Parity Bill Passed by U.S. House of Representatives

Good news via Join Together. Keep in mind that parity does not equal equity. In states that have implemented parity, insurers end up implementing managed care strategies to keep costs down, but at least the lifetime limits, excessive co-pays, etc. are gone.

Parity Bill Passed by U.S. House of Representatives
March 6, 2008

News Feature
By Bob Curley

In a major victory for addiction treatment and recovery advocates, the U.S. House of Representatives has passed a bill that would mandate that insurers cover addiction and mental illness on par with other illnesses.

“We’ve waited 12 long years for this historic day,” said Rep. Jim Ramstad (R-Minn.), co-chair of the Congressional Addiction, Treatment and Recovery Caucus with Rep. Patrick Kennedy (D-R.I.). “I am grateful that the House has taken this important step to end the discrimination against people who need treatment for mental illness and chemical addiction.” Ramstad, who is retiring from the House, cosponsored the parity bill with Kennedy, who said he hoped passage of the legislation “will help to erase the stigma associated with mental illness and substance abuse.”

The House voted 268 to 148 in favor of H.R. 1424, the Paul Wellstone Mental Health and Addiction Equity Act, rebuffing attempts to substitute a version of parity legislation previously approved by the Senate generally considered by advocates to be weaker than the House legislation. Pelosi said that ensuring that Americans have equal access to addiction and mental-health treatment has economic benefits and also would benefit returning veterans.

“Illness of the brain must be treated like illness anywhere else in the body,” said Pelosi, who called the Wellstone Act “a comprehensive bill to help end discrimination against those who seek treatment for mental illness.”

Parity supporters sought — and received — a strong bipartisan vote in favor of the bill to back their case for adoption of the House legislation in negotiations with the Senate, which passed the Mental Health Parity Act of 2007 by unanimous consent on Sept. 18. 2007. The House bill received critical support from Speaker Nancy Pelosi (D-Calif.), who appeared at a pre-vote rally on the steps of the Capitol and spoke in favor of the measure during the floor debate on March 5.

Congress Needs Meeting of Minds

The two houses of Congress will now need to meet and reach a compromise on parity if the legislation is to move swiftly toward a vote in a legislative calendar shortened by the presidential election season.

“The Paul Wellstone Mental Health and Addiction Equity Act of 2007 is the right solution to ending insurance discrimination facing people with alcohol and drug problems and their families,” said Merlyn Karst, chair of the Faces & Voices of Recovery Board of Directors. “We urge the Congress to come together and hammer out the differences between the strong bill that the House passed today and the Senate-passed version of the parity legislation, S. 558.”

Pat Taylor, executive director of Faces and Voices of Recovery, said that while there are “significant differences” between the two bills, “we think they can be worked out.” Unlike the Senate bill, for example, the House legislation requires that out-of-plan addiction and mental-health treatment be covered by insurers if plans do so for other illnesses, and that insurers include coverage of all illnesses listed in the Diagnostic and Statistical Manual of Mental Disorders (DSM), the “bible” of the mental-health field. That’s the same standard used in the Federal Employees Health Benefits Plan.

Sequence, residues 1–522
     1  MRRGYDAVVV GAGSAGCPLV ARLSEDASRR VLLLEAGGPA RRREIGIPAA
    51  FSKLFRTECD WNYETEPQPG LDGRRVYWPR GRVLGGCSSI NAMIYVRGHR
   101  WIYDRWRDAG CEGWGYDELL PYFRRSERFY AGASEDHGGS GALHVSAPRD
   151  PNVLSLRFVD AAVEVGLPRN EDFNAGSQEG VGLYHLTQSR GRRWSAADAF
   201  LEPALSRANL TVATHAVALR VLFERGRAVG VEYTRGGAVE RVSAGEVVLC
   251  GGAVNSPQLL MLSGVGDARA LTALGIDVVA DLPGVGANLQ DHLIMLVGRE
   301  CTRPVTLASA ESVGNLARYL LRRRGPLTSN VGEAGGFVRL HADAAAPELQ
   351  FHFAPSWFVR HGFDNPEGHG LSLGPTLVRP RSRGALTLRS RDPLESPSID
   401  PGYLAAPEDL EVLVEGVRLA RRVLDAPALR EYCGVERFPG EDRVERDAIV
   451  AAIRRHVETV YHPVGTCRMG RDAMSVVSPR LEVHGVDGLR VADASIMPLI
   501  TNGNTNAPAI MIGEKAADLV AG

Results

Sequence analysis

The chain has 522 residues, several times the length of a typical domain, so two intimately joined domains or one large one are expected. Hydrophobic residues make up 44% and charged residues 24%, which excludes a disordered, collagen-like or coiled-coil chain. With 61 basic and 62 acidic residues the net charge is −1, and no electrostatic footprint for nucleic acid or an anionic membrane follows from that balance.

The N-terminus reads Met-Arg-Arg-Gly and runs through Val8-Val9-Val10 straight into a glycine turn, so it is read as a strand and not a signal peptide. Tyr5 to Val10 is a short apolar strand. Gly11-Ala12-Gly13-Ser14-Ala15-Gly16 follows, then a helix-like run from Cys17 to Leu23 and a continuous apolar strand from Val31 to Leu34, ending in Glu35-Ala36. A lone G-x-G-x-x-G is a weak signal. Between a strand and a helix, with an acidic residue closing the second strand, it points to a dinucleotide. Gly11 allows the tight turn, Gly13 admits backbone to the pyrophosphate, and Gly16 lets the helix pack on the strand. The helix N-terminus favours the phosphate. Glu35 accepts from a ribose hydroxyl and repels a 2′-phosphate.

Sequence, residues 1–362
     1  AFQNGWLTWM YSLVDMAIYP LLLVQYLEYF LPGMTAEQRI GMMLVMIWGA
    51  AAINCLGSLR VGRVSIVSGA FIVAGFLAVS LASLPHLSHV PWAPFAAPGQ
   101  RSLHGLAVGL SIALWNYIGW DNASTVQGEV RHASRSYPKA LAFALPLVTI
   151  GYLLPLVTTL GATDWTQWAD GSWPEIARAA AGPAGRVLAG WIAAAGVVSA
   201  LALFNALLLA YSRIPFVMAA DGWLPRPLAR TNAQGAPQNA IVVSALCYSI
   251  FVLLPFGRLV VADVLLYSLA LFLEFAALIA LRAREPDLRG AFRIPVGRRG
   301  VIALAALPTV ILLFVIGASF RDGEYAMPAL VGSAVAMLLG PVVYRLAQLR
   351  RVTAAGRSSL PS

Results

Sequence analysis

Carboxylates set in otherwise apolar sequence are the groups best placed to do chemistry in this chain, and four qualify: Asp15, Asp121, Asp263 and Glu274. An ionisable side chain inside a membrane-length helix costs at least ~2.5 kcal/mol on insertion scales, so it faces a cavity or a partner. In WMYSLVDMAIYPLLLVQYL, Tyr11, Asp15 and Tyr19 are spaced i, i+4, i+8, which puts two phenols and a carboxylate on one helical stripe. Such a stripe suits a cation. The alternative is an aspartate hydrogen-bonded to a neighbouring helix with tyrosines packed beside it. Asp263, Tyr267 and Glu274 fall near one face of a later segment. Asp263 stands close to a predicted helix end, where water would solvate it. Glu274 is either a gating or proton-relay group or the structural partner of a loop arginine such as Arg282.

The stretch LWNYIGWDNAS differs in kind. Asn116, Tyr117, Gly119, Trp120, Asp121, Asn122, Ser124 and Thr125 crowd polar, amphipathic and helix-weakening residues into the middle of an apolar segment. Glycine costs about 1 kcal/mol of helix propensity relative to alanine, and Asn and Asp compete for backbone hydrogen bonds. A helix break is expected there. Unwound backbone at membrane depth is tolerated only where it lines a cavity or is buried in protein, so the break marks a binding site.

“I think we may have some Senate Democrats who had supported the Senate bill now come out in support of the House bill,” said Dave Wellstone, son of the late senator from Minnesota and a parity advocate for the group Wellstone Action. Wellstone predicted that Congress would reach a compromise on parity
that “looks a little more like the House bill” than the current Senate legislation. “There are better patient protections in the House bill and the costs are the same, so there’s no need, in my mind, to pass a weaker bill just because that’s what insurers want,” he said.

The Bush administration, the U.S. Chamber of Commerce, and some health insurers are among the opponents of the House legislation, although Bush has not threatened to veto the measure. The trade group America’s Health Insurance Plans (AHIP) has supported the Senate bill, sponsored by Sens. Edward Kennedy (D-Mass.) and Pete Dominici (R-N.M.) but not the House bill.

“Health insurance plans support the bipartisan mental-health parity legislation (S. 558) that passed the Senate by unanimous consent because it is a balanced approach that would preserve access to health plans’ medical management and quality improvement programs,” said Karen Ignagni, president and CEO of AHIP. “Unfortunately, the House legislation would turn back the clock on advances in the quality of care and impose excessive costs on patients and employers. Though well-intentioned, this legislation would undermine the progress that has been achieved in improving behavioral-health benefits through coordinated-care strategies.”